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Two weekends ago we took the kids on their very first camping trip about an hour and a half away to Smokemont Campground.  We met up with my two best girlfriends from college and their families, which seriously made it the best trip ever.  We borrowed an 8-person family tent from some other friends of ours.  I can’t believe we haven’t invested in one sooner!  We fit a queen-size air mattress in it and our rickety old pack and play for philippa, and still had plenty of room for the other kids to sleep on the floor plus keep all of our stuff inside.  The best parts were:

seeing our children (9 now altogether, with 1 on the way!) play together,  biking around and basically running a bit wild

phoebe’s first time tubing in the river

gluten-free s’mores around our campfire at night

Travis’ endless supply of french press

walking from one campsite to another to visit each other and chat

late night time with my two besties talking about life and homeschooling and all of our ailments now that we are in our 30s

sleeping with the fly off of the tent beneath an inky bowl full of stars, listening to the river + crickets

noah asking me if we could just go home or if we could get in the van and lock the doors

waking up warm and cozy, snuggling long in bed while brandon made me coffee

bacon + eggs (best part of car camping, besides air mattresses)

children with tousled heads and jammies playing in the morning light

We had no major incidents, which will probably give us a false sense of success and victory going into our next family camping trip.  It was only one night, but it felt like a restful getaway and I’m hoping we can squeeze in another trip in the fall.  I felt very inspired by my two girlfriends who have efficient setups and systems for their family camping trips.

the language of flowers

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“The earth laughs in flowers.”
Ralph Waldo Emerson

A little while ago I typed this question into google: “what is the purpose of a flower?”  Interestingly, most of the links that came up talked about the scientific purpose of a flower in the process of reproduction and pollination.  In fact, many of the articles said that the “sole purpose” of a flower is for reproduction for the plant.  Of course, on a scientific level, that is true!  But if I were to ask you what the purpose of a flower is, would that be the first thing that would come to mind?  I find that to be a rather sterile view of the world (never mind the irony).  Surely art has something of value to say to us and not science only.  I was a little surprised that nothing about the cheering effect of flowers was mentioned.  Or their smell.  How about the way they are used to make perfumes?  Or the fact that they have long been acknowledged to have medicinal and therapeutic benefits?

My little Phoebe-girl loves picking flowers and creating little bouquets and arrangements.  I asked Brandon to make her a flower press so she can begin keeping them in a more lasting way.  Maybe it’s just my quest for permanence, my longing to hold onto these fragile days that are blooming and fading so quickly.  How these kids are growing!  How I cannot seem to hold them down and keep them still and just this way for just one minute.  To keep Noah just as he is, trotting out of bed early in the morning, always playing “lion” and referring to himself as the lion (such as, “the lion wants a snack,” and “lions don’t like thunder,” etc.).  Or this game that phoebe and noah play together frequently called “boswell” where noah is the cat, boswell, and phoebe is his owner and walks him around on a “leash.”  Or how philippa is talking up a storm and constantly bowling us over with her personality, always trying to keep up with phoebe and noah, loving to read the “fock” (fox) book every night (“I love you Because You’re You”).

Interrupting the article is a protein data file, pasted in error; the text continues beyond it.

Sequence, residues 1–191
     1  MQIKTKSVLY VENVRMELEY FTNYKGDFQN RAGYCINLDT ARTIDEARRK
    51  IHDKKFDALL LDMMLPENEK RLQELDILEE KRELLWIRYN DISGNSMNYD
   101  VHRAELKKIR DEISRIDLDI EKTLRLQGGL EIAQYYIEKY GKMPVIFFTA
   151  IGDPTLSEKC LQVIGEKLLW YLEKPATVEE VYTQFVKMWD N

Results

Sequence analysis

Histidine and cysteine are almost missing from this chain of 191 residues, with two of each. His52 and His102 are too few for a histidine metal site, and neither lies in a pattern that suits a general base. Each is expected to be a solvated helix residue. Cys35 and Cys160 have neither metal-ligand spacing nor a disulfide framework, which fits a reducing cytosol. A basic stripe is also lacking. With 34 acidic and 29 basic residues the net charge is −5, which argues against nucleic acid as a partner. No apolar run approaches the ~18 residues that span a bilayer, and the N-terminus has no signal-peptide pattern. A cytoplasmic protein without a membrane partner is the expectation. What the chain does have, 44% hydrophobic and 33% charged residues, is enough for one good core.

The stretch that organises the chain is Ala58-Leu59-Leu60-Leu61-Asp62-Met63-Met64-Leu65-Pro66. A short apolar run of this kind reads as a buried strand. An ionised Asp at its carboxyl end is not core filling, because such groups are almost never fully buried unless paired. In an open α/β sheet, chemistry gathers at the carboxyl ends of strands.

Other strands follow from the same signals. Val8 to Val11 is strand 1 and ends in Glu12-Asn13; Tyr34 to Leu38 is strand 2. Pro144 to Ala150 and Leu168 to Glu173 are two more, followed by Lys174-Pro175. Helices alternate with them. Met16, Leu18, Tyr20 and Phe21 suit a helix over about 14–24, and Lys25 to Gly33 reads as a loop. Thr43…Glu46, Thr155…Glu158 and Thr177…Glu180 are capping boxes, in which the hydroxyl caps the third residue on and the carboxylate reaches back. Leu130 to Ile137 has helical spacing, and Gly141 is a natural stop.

These days are so weary and exhausting and full and busy just with the simple work of running a household and keeping everyone fed and happy, and then all of a sudden everyone has grown again and I just want to hold everything down for a minute and keep it still so I can take it in.  But the days just keep going, time just keeps ticking away.  I suppose thats part of why I snap so many pictures, this quest to hold onto these days and not forget them.

Anyway, as for the press, Brandon made it for phoebe this past weekend and she loves it!  She felt pretty special that daddy made something just for her, and she has been busy pressing flowers.  I want to get her a little simple journal where she can glue the flowers in, but she also may make some cards with them for thank you notes and such.  It’s a simple thing, but one that I think helps her pay attention to the natural world around her, the beautiful things that God created not just for the holy work of reproduction, but also for the holy work of beauty.  I can’t wait to use the flower press as a way for Phoebe to begin a nature journal and as a way for her to catalog different plant species in the future for educational purposes.  But for now, I want her to pay attention to and simply enjoy the beauty she finds around her.